This review of “New Time: Art and Feminisms in the 21st Century” (through January 30 at BAMPFA) is the result of conversations between three feminist writers—Wendy Trevino and Tatiana Luboviski-Acosta in conversation with Natalia Robyns-Kresich of 48 Hills—after viewing the exhibit.
“New Time: Art and Feminisms in the 21st Century” surveys contemporary feminist art by 76 artists working in photography, ceramics, painting, video, assemblage, and collage over the last 20 years. The exhibition, curated by Apsara DiQuinzio and Claire Frost, was originally conceived to coincide with the 2020 election, suggested by the neon “Vote Feminist” sign that hangs in the lobby. However, it was delayed by COVID for a year, and perhaps this is why this show seems slightly off-kilter in its contemporaneity. Much of it was curated with specific events in mind—such as the election of Donald Trump, and the Kavanaugh confirmation hearings—that have already receded into the near-background of public consciousness.
The 2000s is in some ways a difficult time period to survey, in which paradoxically, a lot has happened but also not much at all. An era begun by the disastrous invasion of Afghanistan—in which women’s liberation was used cynically as a pretext for war—ending in “our” recent exit, which neatly and dispiritingly bookends these past 20 years. It’s the post-9/11 period in which a generation of us grew up—the steadily worsening climate crisis, the 2007-2008 Financial Crisis, Occupy Wall Street, Black Lives Matter, the George Floyd uprising, #MeToo, and COVID— crises of our time, and corresponding popular responses.
We believe that art must reflect what is happening in the world and it must respond to—and take a position on—the conditions it exists within.
But a politically pluralist approach is always a tricky proposition, because some “feminisms” are by nature at great odds: For example, a feminism that includes trans women and men is not compatible with one that seeks to exclude them. A feminism that leads us into 20-year military occupation is at odds with a feminism that seeks to liberate us from imperialist wars. To put it another way, a multiplicity of these “feminisms” is not synonymous with a feminism that seeks the liberation of all women, and indeed, of all people.
The exhibition, which takes up half of the museum’s gallery space, begins with a room called Prelude: Arch of Hysteria, that the curator defines as a kind of conceptual threshold through which one must pass to enter the rest of the exhibit. A framework. The room focuses on a concept that we might now refer to as medical sexism, specifically forced institutionalization—a period when women whose behavior was out of bounds or who became inconvenient to their families were “committed”. But it is also the gendered violence inherent to colonialism and slavery (that continues today in the form of Black maternal mortality rates or the forced separation of children at the border).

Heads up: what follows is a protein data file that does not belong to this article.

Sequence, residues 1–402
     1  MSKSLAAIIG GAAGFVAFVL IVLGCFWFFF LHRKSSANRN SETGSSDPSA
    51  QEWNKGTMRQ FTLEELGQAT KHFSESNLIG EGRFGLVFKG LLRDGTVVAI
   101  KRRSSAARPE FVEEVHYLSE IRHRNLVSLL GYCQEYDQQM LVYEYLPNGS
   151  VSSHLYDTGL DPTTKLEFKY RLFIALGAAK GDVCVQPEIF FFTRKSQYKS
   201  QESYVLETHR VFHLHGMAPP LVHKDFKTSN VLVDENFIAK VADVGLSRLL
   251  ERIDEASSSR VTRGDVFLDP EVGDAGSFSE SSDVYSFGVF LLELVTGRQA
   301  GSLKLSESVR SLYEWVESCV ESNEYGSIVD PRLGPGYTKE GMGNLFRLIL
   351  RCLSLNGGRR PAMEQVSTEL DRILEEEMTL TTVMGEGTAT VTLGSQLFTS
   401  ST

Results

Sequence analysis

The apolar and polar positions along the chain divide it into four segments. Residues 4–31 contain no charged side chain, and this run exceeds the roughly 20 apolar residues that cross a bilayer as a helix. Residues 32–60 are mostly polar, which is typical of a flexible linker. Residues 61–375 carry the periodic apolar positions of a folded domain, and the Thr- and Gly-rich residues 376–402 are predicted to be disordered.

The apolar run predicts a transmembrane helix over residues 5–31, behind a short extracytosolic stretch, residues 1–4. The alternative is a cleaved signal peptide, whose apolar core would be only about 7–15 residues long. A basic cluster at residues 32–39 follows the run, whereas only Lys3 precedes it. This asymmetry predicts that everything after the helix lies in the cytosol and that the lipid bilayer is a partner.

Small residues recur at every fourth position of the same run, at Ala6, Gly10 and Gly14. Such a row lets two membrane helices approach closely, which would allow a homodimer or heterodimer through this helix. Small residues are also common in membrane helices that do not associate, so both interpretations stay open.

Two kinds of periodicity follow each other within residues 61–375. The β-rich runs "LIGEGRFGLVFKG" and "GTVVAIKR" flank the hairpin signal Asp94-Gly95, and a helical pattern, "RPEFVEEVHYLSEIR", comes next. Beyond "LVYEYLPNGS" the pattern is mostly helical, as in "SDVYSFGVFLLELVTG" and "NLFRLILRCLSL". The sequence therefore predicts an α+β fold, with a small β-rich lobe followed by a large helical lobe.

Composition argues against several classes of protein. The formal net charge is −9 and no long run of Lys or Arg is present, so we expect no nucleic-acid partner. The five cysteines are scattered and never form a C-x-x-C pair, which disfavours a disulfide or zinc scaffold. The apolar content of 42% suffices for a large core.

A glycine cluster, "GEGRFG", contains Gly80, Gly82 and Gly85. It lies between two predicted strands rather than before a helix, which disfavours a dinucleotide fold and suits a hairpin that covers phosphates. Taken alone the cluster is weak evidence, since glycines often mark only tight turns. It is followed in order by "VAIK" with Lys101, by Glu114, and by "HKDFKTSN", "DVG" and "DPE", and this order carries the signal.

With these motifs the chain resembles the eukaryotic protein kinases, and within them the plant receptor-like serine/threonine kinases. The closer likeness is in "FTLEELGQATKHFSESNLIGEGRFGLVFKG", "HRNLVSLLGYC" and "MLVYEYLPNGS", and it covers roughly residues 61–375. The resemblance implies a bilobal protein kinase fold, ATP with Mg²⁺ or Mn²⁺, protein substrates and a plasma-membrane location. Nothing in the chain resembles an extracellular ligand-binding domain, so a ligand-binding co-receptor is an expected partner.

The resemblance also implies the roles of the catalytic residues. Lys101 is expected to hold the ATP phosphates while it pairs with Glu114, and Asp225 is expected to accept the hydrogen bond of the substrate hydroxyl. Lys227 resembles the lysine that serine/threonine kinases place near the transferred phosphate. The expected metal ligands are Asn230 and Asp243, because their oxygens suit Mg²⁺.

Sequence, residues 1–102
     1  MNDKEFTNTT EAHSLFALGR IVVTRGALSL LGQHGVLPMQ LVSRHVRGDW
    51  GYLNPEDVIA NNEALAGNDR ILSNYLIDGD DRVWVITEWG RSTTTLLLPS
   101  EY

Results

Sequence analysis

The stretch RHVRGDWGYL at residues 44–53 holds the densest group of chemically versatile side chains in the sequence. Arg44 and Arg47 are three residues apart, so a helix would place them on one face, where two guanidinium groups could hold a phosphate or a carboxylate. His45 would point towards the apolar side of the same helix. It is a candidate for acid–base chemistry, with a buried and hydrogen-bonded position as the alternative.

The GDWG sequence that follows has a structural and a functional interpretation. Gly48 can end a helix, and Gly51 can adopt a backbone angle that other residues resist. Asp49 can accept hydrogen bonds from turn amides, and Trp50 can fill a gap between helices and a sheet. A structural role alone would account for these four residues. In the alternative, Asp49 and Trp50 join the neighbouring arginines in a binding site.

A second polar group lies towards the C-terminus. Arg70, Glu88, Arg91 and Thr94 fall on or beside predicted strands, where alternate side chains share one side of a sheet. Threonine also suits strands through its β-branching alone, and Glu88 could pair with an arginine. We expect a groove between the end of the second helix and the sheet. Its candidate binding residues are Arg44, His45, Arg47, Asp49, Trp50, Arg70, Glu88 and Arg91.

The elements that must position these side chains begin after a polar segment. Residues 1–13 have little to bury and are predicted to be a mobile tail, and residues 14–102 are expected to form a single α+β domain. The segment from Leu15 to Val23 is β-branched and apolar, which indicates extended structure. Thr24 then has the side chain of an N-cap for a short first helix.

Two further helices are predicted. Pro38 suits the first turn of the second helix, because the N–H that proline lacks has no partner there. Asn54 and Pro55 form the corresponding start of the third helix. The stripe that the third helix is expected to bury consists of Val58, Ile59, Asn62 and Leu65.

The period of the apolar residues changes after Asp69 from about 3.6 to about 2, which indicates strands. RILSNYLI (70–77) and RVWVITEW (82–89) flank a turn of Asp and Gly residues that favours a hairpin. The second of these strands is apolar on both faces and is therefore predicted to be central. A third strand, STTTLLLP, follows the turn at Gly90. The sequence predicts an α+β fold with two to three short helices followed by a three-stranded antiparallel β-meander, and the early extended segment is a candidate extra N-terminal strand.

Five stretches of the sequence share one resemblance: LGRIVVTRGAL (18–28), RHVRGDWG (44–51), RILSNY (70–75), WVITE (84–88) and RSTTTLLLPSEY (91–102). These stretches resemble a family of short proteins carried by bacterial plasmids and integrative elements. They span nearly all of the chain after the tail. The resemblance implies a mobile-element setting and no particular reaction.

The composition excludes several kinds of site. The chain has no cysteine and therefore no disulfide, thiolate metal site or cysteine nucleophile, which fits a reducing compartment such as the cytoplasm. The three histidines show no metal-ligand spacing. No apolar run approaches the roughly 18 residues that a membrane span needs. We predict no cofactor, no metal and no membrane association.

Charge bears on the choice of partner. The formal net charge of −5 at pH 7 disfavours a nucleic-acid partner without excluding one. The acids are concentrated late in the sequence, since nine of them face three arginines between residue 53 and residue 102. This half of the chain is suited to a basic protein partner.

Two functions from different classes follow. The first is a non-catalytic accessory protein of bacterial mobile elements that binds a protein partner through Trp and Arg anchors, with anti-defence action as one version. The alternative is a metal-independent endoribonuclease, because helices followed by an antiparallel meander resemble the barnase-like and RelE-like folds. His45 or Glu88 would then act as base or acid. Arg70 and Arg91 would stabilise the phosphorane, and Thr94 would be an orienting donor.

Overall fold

As with the rest of the exhibition, the art that deals with these themes directly, rather than theoretically, is the strongest.
Inka Enseenheigh’s surrealist painting In Bed captures the grotesque unreality of the medical confinement of women and other gendered subjects.
The exhibit gives us a rare chance to see Louise Bourgeois’ breastless, headless Arched Figure, on loan from the artist’s estate. This piece has never been shown in the United States, and this particular edition of the work has never been exhibited publicly. An androgynous figure in a state of near levitation from his/her hospital cot is a comment on the rapture and questioning that accompanies a diagnosis of hysteria. According to the assistant curator, Claire Fink, Bourgeois saw hysteria as a form of repressed pleasure not meriting of its medical treatment/punishment, but rather awaiting its own liberation.
Other well-known artists in the exhibit include Kara Walker, Kiki Smith, Jenny Holzer, and Judy Chicago—whose work is currently featured in a retrospective at the DeYoung.
Multiple works deal with the dissolution/abolition of gender in the 21st century. In Christina Quarles’ painting, Small Offerings, a pair of ambiguous and languid bodies recline in the heat of the noon-day sun. Much of Quarles’ work features pairs, that, whether stationary or in motion, seem to be in the process of transforming into one another. Quarles writes of her paintings, “I see my work as exploring the ambiguity of identity. My figures I see as moving between genders.”
Likewise, South African artist Zanele Muholi’s portraits from her series Brave Beauties reminds us that the beauty is that her subjects simply exist, no matter what their gender categories may be.
Also notable is the photography of the late lesbian Chicana artist Laura Aguilar, whose self-portraits convey a spiritual largess to the viewer. Her naked body is so grounded and integrated into its surrounding desert landscape that the portraits are reminiscent of land art.